# Solving absolute value inequality

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For which values of x does the following inequality hold true:

(|x|+2)/(|x|-3) < 4

The first thing we want to do is eliminate the fraction on the left-hand side (LHS) of the equation. We do so by multiplying both side by |x|-3, leading to:

|x|+2 < 4(|x|-3)

We can simplify the right-hand side (RHS):

|x| + 2 < 4|x| - 12

We now want to group like terms together. As such, we will move all |x| terms to the RHS, and all integer terms to the LHS.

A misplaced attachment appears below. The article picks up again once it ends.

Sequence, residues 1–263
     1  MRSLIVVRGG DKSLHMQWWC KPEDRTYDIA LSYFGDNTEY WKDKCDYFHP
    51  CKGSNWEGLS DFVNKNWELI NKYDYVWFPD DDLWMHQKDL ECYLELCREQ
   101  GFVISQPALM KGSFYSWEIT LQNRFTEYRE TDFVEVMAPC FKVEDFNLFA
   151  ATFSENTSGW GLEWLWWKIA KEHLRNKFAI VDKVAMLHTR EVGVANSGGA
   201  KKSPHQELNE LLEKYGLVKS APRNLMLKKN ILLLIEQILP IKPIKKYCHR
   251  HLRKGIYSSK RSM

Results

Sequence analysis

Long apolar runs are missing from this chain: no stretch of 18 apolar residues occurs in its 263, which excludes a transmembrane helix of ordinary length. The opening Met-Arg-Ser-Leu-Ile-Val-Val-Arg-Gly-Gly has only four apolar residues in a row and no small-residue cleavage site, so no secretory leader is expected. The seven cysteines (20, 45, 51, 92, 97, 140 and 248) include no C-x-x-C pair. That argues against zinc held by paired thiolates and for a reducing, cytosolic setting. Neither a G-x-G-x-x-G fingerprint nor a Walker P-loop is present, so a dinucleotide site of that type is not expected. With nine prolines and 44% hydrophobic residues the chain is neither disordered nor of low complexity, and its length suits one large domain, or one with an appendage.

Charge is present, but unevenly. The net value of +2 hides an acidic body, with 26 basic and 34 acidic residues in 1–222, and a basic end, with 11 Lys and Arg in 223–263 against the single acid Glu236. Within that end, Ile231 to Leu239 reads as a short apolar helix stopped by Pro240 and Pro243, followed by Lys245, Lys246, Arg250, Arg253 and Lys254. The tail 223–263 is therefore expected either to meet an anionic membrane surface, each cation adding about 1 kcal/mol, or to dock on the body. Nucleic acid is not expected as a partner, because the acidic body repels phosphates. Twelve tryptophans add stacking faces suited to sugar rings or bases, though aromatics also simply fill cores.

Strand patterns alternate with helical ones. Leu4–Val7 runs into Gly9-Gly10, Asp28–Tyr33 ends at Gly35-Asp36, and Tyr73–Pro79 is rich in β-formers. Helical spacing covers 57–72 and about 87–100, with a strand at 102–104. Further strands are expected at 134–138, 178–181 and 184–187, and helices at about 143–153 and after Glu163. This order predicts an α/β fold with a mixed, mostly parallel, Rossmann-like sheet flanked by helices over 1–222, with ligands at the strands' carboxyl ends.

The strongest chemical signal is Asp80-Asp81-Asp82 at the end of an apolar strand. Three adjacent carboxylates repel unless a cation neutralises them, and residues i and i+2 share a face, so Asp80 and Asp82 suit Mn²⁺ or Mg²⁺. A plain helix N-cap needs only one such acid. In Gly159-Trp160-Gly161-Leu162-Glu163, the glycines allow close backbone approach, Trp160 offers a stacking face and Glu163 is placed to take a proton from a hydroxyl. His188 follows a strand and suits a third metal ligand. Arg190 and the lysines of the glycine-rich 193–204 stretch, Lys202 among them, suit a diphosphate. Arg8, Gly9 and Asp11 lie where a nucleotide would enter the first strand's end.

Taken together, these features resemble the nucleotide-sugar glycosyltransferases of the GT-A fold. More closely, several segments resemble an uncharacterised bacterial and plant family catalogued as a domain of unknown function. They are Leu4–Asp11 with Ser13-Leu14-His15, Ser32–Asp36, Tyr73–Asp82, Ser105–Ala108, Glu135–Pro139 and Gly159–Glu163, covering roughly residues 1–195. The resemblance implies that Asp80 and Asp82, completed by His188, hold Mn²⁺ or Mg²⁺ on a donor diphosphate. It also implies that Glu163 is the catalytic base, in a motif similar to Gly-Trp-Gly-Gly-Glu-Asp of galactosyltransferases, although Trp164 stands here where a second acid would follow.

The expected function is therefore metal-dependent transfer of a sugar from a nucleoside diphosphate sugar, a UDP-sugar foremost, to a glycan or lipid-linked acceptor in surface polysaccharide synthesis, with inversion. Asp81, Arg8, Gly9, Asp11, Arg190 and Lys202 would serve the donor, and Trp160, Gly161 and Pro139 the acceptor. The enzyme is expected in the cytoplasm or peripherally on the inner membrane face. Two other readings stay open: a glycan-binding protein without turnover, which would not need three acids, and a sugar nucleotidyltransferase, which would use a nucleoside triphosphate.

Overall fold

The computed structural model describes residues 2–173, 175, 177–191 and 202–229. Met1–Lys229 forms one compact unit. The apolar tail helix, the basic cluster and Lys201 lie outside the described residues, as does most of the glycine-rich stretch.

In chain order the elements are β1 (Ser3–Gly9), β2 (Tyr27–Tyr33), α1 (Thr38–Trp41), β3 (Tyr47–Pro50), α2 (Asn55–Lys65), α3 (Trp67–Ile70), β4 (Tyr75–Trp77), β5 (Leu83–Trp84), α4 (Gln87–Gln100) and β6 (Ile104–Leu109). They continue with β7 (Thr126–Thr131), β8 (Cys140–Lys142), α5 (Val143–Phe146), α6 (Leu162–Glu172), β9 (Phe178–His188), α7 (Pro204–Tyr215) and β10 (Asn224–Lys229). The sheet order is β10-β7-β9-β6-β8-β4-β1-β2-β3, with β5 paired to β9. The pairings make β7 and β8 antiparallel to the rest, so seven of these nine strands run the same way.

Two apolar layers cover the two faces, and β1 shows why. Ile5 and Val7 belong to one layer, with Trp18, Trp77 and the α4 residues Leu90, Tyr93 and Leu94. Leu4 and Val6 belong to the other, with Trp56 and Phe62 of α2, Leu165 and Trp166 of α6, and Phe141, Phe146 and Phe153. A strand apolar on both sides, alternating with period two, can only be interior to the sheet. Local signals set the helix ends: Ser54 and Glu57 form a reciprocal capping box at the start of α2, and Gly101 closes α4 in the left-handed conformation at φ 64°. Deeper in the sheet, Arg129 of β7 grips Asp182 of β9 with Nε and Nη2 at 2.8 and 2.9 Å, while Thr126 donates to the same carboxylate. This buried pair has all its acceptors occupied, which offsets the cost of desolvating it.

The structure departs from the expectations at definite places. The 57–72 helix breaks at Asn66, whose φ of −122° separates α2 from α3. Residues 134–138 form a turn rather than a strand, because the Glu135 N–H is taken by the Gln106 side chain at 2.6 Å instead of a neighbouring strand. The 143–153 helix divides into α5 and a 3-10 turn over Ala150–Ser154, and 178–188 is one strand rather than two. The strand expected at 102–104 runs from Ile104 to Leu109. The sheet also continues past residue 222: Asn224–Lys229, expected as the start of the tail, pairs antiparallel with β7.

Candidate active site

2 + 12 < 4|x| - |x|

14 < 3|x|

We now divide both sides by 3 to eliminate the coefficient of |x|

14/3 < |x|

or

|x| > 14/3

Now, imagine a number line...

<---- -x ------- 0 ----- x --------->

I would like you to remember the definition of |x| (absolute value) which indicates the distance of a value x from 0. (In other words, it makes any negative number positive and leaves any positive number positive)

This suggests that any x > 14/3 will satisfy |x| > 14/3.

However, we also have to remember that any value inferior to -14/3 will also satisfy the inequality.

As such, we solve the solution as

x > 14/3 OR x < -14/3

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